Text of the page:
This was lovely. How interesting that we both chose again to write on aspects of the same topic–this time literature. I first read “A Wrinkle in Time” when I was a child. I haven’t read it in many years, and I honestly did not remember the “namer.” I don’t think there’s a specific author, book, or quote that has influenced me, but I believe very strongly in the power of education and the importance of reading and access to books. My husband is a math teacher, and my younger daughter is an English teacher. Both daughters have written plays. So I suppose my whole family is very much into “naming!”
It does indeed sound as if you have a family of namers. The book where you will find the quote above is A Wind in the Door, not as famous as A Wrinkle, but even more memorable for me. Don’t you just love the character of Meg?
I am interested in the fact that I didn’t like the book at all when I was 21, but loved it at age 34 and thereafter.
Shirley — ” A Wrinkle in Time” is one of my all-time favorite books. As a matter of fact, I adore ALL of Madeleine L’Engle’s writing. The Progo quote you shared in this post resonates strongly with me.
You asked your readers, “Have words from an author entered deeply into your own life and vocation?”
I am deeply touched by poetry. Two poets I enjoy most are John O’Donahue and Mary Oliver. One of my favorite quotes from Ms. Oliver is:
“Still, what I want in my life is to be willing to be dazzled – to cast aside the weight of facts and maybe even to float a little above this difficult world.” — Mary Oliver
With that in mind, I make certain to remain open to “dazzlement.” This, by being observant and seeing extraordinary in the ordinary, and then sharing it with my readers.
Laurie, you have named your vocation beautifully! And who can help you better than poets, especially Mary Oliver.
You are so grounded, and yet you do float too!
Shirley, I found my own meaning for my name and I love it. My parents named me “Elfriede” a good German name, but not much known in Canada. A Canadian teacher changed it to “Elfrieda” for better pronunciation, but I was always a bit embarrassed about it. Then I found my own meaning: El is Hebrew for God, Friede is peace in German. My name means “peace with God”. I want to live up to this wonderful name I have!
Sweet, Shirley. Pithy, poignant, and good for the sharing soul
Thank you, PJ. So good to know you read and enjoyed.
You have claimed your name with passion, Elfrieda, and I love it — both the name and the passion. You also illustrate a truth. We are given a name at birth, but we can also shape and re-name ourselves as we respond to our callings and choose our vocations. Thank you.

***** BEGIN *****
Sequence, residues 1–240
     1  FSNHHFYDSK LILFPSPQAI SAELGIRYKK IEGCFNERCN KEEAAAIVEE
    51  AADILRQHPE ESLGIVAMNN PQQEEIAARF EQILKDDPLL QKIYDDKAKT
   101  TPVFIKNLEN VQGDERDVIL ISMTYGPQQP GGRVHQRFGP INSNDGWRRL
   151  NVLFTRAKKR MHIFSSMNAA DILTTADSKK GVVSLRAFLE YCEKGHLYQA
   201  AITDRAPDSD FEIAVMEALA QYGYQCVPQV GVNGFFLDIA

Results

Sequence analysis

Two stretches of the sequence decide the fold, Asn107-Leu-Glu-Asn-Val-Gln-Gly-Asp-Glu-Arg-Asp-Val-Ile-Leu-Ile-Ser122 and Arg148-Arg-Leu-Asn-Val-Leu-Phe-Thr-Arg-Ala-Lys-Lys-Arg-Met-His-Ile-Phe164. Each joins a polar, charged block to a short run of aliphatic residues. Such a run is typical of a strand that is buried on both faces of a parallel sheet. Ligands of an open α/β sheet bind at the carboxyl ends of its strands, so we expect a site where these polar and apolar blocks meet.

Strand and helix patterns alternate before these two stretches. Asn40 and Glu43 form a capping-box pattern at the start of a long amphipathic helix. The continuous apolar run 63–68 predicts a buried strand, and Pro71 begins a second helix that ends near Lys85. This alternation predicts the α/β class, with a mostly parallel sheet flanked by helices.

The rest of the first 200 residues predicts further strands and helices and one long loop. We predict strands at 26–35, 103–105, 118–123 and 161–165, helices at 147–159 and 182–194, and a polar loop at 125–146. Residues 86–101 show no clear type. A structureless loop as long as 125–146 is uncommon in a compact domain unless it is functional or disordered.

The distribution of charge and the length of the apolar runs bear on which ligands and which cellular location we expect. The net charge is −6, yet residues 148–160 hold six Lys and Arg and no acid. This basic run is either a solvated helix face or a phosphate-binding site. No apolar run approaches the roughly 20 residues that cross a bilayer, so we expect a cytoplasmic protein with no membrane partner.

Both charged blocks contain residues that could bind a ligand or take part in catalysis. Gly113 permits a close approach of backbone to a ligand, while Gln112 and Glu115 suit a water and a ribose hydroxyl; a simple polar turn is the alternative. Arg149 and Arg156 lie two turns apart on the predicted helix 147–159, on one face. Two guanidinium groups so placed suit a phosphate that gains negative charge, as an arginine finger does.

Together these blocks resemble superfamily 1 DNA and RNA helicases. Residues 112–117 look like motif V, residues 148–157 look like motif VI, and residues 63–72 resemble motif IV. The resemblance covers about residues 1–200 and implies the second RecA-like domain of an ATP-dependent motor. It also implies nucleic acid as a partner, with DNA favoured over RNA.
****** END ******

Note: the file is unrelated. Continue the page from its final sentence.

Madeleine L’Engle had a primary influence on me and on my writing. I read EVERYTHING she wrote, most of it twice.
I don’t remember the first time I read that passage from A Wind in the Door , but I do know that I internalized it, and believed it. When I was a child, it meant 2 things to me — learning and using a person’s name; and no name-calling. I was hypersensitive to the hurts caused by name-calling.
As I grew older, the concept of correctly and rightly “naming” extended to all things–feelings, events, deeds, past, present, future…. and a growing desire (or need, or calling) to “find delightful words and to write words of truth correctly” (Ecclesiastes 12:10).
I LOVE that photo. 🙂 Have a wonderful retreat!
Madeleine L’Engle’s roots have gone down deeply into your spirit, Tracy. I love the way you describe your own relationship to Naming and to your calling to write.
Thank you for your good wishes for this retreat. We are at the half-way mark and already feel the precious time slipping away from us. So rich an experience.
Shirley, Your message resonates. Claiming and honoring who we are enables us to go out into the world and be our best selves. You have enticed me to read Madeleine L’Engle’s work. My favorite quote: ” If someone knows who he is, he doesn’t need to hate.” And I love your photo of Anthony reading to Julia.Priceless!
Thank you, Kathy. Another mama knows how strong the tie is to an adult son who was once a little boy like his little boy and who now reads to his little girl the way we read to him.
And that quote from Madeleine L’Engle would transform the world if only we could all be Named fully and completely.